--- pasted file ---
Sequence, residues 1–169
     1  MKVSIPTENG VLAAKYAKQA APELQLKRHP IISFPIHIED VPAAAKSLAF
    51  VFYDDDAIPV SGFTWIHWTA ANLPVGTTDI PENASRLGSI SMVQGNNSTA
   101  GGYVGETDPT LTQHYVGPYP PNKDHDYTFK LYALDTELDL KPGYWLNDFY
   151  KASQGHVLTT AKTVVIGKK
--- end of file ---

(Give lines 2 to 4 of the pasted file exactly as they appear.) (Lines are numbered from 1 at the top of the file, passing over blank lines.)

     1  MKVSIPTENG VLAAKYAKQA APELQLKRHP IISFPIHIED VPAAAKSLAF
    51  VFYDDDAIPV SGFTWIHWTA ANLPVGTTDI PENASRLGSI SMVQGNNSTA
   101  GGYVGETDPT LTQHYVGPYP PNKDHDYTFK LYALDTELDL KPGYWLNDFY